Humic Acid Research
It is only recently that scientific research has been performed on humic acid. There is still the ongoing question on whether or not it should be labled as a fatty acid. It is a large, long-chain molecule that can be isolated in a relatively pure form from the soil's humate layer. Scientific studies have shown that it impairs the attachment of the HIV-1 virus, one of the viruses responsible for the development of AIDS. Herpes simplex virus infections have been found to be impeded.
Another study examined influenza viruses, including the swine flu, with the same results. Exotic viruses like the West Nile Virus, hemorrhagic fever and Coxsackie viruses have been found to be inhibited by humic acid. There is every reason to expect that its antiviral properties are broad spectrum, meaning it may have usefulness against the Asian or bird flu pandemic.
The mechanism of action of humic acid in these cases is believed to be the blockage of a virus particle from attaching to and entering a healthy cell. Viruses can't replicate or divide without entering and taking over the cell's DNA for the making of more virus particles. By keeping one virus particle from becoming thousands, it effectively blocks the infection from happening.
Humic Acid blocking a virus particle from attaching and replicating in healthy cell.
Humic acid has also been scientifically shown to be a free radical scavenger. Free radicals are "broken" molecules that are off-balanced from the standpoint of having too many electrons on them. They are dangerous to healthy, living cells. Free radicals can interfere with out DNA and the effect can be cancer-causing. By binding them up, humic acid makes free radicals safe from us.
Humic acid is a potent chelator as well. A chelator is a molecule that binds metals, including toxic heavy metals. It is able to scavenge for these heavy metals and eliminate them from the body. It seems to increase the permeability of cell walls, allowing for easier transfer of nutrient metals. Research indicates that humic acid can bind to essential metals as well; much like soil humic acid did millions of years ago it can provide nutrients to living things growing in the soil. It's felt that by binding to healthy metals, humic acid can aid in their absorption in the body.
Humic acid also seems to modulate or regulate the effects of our stress hormones. Because of its size, it likely blocks the stress hormones from reaching the receptor site. Interestingly, a study out of Penn State found that rats with humic acid showed much lower levels of stress hormones than those that didn't.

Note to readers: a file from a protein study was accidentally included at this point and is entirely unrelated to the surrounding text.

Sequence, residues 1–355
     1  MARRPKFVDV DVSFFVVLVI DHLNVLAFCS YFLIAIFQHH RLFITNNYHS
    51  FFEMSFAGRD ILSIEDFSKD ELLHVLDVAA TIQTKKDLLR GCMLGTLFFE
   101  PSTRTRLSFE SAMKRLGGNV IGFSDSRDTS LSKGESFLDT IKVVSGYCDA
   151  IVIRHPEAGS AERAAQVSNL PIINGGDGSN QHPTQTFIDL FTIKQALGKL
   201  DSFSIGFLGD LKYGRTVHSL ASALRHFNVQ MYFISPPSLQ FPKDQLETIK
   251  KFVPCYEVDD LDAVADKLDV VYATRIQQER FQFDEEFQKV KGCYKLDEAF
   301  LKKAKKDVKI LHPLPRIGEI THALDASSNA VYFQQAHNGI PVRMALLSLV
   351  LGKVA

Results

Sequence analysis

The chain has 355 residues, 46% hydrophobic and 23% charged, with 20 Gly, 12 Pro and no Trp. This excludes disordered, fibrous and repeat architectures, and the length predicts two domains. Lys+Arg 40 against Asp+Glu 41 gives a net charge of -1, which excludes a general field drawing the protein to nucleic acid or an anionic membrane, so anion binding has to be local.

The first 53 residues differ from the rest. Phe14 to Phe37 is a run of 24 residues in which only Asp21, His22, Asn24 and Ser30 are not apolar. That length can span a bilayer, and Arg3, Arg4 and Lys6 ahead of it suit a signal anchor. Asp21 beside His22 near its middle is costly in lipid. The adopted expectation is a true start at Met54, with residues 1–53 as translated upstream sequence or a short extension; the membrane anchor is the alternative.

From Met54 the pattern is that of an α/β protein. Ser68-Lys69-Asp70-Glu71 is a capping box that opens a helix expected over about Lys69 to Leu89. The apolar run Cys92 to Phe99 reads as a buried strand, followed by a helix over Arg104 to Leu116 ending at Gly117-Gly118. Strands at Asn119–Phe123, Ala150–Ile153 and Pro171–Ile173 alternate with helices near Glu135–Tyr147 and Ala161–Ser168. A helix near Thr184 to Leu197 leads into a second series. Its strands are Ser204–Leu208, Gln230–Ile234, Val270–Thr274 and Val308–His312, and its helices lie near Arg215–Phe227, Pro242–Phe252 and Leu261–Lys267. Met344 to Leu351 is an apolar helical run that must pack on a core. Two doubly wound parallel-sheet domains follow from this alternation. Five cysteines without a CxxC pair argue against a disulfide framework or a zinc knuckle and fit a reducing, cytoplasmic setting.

Our immune system, too, reaps the benefits of humic acid. Humates can increase polysaccharide sugars in our body which bind to Killer T Cells (immune killer cells) and facilitate communication between the Killer T Cells and other body cells. The function of Killer T cells is then modulated by the polysaccharides. Excessive Killer T Cell function in the body is part of what facilitates auto-immune diseases like rheumatoid arthritis.
Humic acid has anti-inflammatory properties. While its full effect is not understood, it has been shown to diminish cervical inflammation in subjects with cervicitis.
In the years before we depleted our growing soil, humic acid was a natural part of the food chain. Without it, we're missing something that seems to have healthful benefits against viruses, heavy metal toxicity and dangerous free radicals.
- Seffner, W. "Effects of humic acid on the availability of iodine in the food, investigated with the histometric assessment of the thyroid gland". Conference Paper Mengen- und spurenelemente-15 Arbelstagund, 1995.
- Bernacci, F. et al. "In vivo and in vitro mutagenicity studies on natural humic acid". Conference paper 37, Riunione scientifica, October 1991.
- Gau, R. et al. "Induction of oxidative stress by humic acid through increasing intracellular iron; a possible mechanism leading to atherothrombotic vascular disorder in blackfoot disease". Biochem Biophys Res Commun, 2001; Vol 283; Issue 4: 743-49.
- Iubitskaia , NS . "Sodium humate in the treatment of osteoarthritis patients." Vopr Kurortol Fizioter Lech Fiz Kult, 1999; Issue 5, 22-24.
- Schiller, F. "Results of an oriented clinical trial of ammonium humate for the local treatment of herpesvirus hominis (HVH) infections". Dermatol Monatsschr, 1979, Vol. 165; Issue 7; 505-09.
- Riede, U.N. "Humate induced activation of human granulocytes. Virchows Arch B Cell Pathol Incl Mol Pathol, 1991; Issue 1: 27-34.
- Herzig, I. "The effect of sodium humate on cadmium deposition in the organs of chickens". Vet Med, 1994, Vol 39; Issue 4; 175-85.
- Hampi, I, et al. "Pharmacokinetics of sodium humate in chickens". Vet Med, 1994; Vol 39, Issue 6; 305-313.
- Schneider, J, et al. "Inhibition of HIV-1 in cell culture by synthetic humate analogues derived from hydroquinone; mechanism of inhibition". Virology, 1996; Vol 218, Issue 2, 389-95.
- Thiel, KD, et al. "In vitro studies of the antiviral activity of ammonium humate against herpes simplex virus type 1 and type 2". Zentralbl Bakteriol, 1977; Vol. 239, Issue 3, 304-321.
- Laub, R. "The chemically induced inhibition of HSV infection". Laub BioChem Corp., August 1998.
- Laub, R. "The chemically induced inhibition of HIV-1 replication". Laub BioChem Corp., January 1995.